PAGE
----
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Krewson postpones town hall meeting, says discussions are happening and she hears them

Lyda Krewson speaks with reporters after winning the Democratic mayoral primary on March 7, 2017.
Carolina Hidalgo | St. Louis Public Radio

Updated 4:55 p.m. with more from news conference — St. Louis Mayor Lyda Krewson canceled a town hall meeting Tuesday, instead holding a news conference to discuss the ongoing protests

She said she called off the town hall, the third of five she's had scheduled, because the discussions are “happening in the streets and in my inbox and on social media right now," she first said in a statement. "We are listening.”

Krewson's town halls are meant to give residents a chance to talk with her and representatives of various city departments.

In her statement and in the news conference, she outlined two themes she has heard coming from protesters who are upset with the acquittal of a former St. Louis officer last week. On Friday, a judge found former St. Louis officer Jason Stockley, who is white, not guilty of first-degree murder in the 2011 fatal shooting of Anthony Lamar Smith, who was black. Prosecutors alleged Stockley executed Smith after a car chase and then planted a gun in his car. Stockley maintained that Smith reached for the gun and that he shot Smith in self-defense.

The first was of “violence, destruction and intimidation,” noting that people who gather after the official protests end are taunting law enforcement and sometimes destroying property, something she said she won't tolerate.

She also said in her statement that she'd heard concerns abuot intimidation tactics the police allegedly used Sunday night when more than 120 people were arrested.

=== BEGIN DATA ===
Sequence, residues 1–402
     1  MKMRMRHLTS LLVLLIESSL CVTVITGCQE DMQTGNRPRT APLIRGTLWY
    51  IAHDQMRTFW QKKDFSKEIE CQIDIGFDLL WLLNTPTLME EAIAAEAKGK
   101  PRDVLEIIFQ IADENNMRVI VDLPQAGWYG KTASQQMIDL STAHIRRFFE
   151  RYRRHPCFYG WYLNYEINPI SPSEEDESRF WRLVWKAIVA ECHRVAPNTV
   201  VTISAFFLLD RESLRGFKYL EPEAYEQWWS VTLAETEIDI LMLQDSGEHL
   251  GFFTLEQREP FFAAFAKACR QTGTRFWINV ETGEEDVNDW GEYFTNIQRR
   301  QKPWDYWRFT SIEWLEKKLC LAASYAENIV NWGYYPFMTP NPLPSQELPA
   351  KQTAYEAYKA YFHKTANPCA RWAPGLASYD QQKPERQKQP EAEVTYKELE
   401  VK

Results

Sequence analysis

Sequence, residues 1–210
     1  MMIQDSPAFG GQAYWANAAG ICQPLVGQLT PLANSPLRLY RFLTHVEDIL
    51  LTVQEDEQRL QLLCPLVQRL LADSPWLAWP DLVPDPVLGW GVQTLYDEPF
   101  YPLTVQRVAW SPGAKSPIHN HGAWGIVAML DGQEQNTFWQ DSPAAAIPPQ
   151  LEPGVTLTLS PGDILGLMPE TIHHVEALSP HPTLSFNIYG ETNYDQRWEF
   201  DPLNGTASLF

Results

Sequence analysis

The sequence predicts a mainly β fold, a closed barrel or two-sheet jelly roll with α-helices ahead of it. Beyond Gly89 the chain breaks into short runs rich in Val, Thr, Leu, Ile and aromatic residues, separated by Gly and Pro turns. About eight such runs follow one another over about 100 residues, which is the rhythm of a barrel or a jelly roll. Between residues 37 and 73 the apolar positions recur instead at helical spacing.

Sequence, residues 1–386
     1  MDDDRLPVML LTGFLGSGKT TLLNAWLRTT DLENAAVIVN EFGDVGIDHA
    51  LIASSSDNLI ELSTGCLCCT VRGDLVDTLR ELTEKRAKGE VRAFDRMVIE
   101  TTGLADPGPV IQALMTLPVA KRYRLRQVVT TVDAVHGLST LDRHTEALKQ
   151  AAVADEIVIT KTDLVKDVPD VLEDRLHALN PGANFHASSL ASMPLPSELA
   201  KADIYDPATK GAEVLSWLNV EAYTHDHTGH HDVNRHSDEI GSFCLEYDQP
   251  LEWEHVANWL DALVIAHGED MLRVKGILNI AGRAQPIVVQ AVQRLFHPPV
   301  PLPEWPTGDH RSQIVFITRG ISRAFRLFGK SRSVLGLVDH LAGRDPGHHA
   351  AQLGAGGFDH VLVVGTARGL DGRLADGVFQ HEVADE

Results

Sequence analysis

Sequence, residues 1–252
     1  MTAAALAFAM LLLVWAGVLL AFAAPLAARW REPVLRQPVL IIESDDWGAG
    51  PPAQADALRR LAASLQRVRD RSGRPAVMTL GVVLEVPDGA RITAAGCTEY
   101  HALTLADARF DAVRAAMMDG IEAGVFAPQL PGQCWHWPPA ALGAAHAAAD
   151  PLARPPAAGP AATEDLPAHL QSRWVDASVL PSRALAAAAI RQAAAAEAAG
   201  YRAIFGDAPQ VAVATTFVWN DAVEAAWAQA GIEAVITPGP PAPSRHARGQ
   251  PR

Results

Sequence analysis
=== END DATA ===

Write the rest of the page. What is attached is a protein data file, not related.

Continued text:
“I want to assure all citizens that complaints of misconduct that have been made are being reviewed by the Police Department’s Internal Affairs Division,” she said.

At the news conference, she addressed the police who chanted "Whose streets, our streets," after Sunday night's arrests. "That's not an acceptable statement to make," she said.

That same night, Interim Police Chief Larry O'Toole said that the police "own the night." Krewson addressed that statement on Tuesday.

"I think that's an inflammatory comment. The police is charged with protecting the public first, and property," she said. "And, also to protect their officers."

Krewson said, however that those who serve the policy department dutifully conducted themselves professionally.

The second theme was “action,” with the Democrat saying she knows that the root cause of protests lies in the region’s legacy of policies that “disproportionately impact people along racial and economic lines."

"This is not an opinion, this is supported by stacks of numbers. This is institutional racism,” she said.

During the news conference, Krewson was asked whether the police department has a racism problem. Her answer: "Institutional racsim is present all parts of society," but that, in general, there's no more of a problem with the department than in the rest of society.

The letter mentioned a plan to expedite equality, but doesn’t give specifics. Instead, Krewson called for a change to the status quo and expresses a desire to move forward. 

Follow Shula and Rachel on Twitter: @shuneu, @rlippmann

Shula is the executive editor at St. Louis Public Radio.
Rachel is the justice correspondent at St. Louis Public Radio.

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